Opinion article from autumn Open Space, published by the Open Spaces Society.
We wish that the government’s consultation on the registration of new greens had been among the documents which Cabinet Office minister Oliver Letwin threw in the park bins.
This, together with the National Planning Policy Framework (NPPF), with its ‘presumption in favour of sustainable development’ (whatever that means, and it’s not defined), poses a vicious threat to our green spaces.
Clearly the consultation by the Department for Environment, Food and Rural Affairs (Defra) on the registration of new greens is intended to restrict registrations to uncontroversial, pretty land in town and village centres. It seeks to outlaw applications for land which, despite being much loved and used by local people, is scruffy and neglected (probably the bulk of applications nowadays), or is earmarked for or threatened by development.
It is alarming that, if government does introduce legislation to curtail new greens, it may also clobber the many applications in the pipeline. Kevin Woodhouse, an official in Defra’s customer contact unit, has written to applicants in Wivenhoe, Essex, saying that in the light of ‘the possibility of a significant rise in applications to beat the introduction of any new legislation, we … cannot rule out the possibility that new legislation may be drafted, or amended, to deal with applications in play…’. While Defra’s head of commons and access implementation team, Hugh Craddock, states that no decision has yet been taken, he does not deny that legislation could be retrospective.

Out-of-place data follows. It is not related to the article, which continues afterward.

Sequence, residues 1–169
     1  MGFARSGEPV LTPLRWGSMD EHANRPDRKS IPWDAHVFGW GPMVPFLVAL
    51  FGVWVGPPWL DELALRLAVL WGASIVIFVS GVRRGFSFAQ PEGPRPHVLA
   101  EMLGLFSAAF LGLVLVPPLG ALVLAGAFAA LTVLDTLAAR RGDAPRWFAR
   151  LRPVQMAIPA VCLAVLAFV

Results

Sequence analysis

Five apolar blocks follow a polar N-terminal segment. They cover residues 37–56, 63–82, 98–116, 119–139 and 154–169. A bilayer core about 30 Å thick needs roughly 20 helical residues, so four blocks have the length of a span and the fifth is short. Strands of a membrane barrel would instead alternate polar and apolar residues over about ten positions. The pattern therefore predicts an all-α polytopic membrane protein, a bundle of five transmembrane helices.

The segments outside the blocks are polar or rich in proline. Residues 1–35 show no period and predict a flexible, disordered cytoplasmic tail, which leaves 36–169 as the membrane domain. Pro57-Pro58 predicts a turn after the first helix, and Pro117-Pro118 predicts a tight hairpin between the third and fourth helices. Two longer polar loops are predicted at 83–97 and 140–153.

This would be as unfair as the Natural Environment and Rural Communities Act 2006 which stopped in their tracks applications for vehicular highways that had been submitted but not determined. It is a nasty and undemocratic tactic.
Greens registration enables local people to secure land which they have long enjoyed for recreation. Yet Defra’s consultation connects the greens process to the proposed new ‘local green space’ designation in the NPPF.
That proposal is so restricted as to be damaging, with no indication of how land will be designated or protected, and no mention of public access.
It is highly dangerous to make a link between village greens, which are based on long usage (surely localism at its best?), with the arbitrary and limited local green space—and we fear the worst for both designations.
Evidently the coalition’s promise to be ‘the greenest government ever’ has been park-binned already.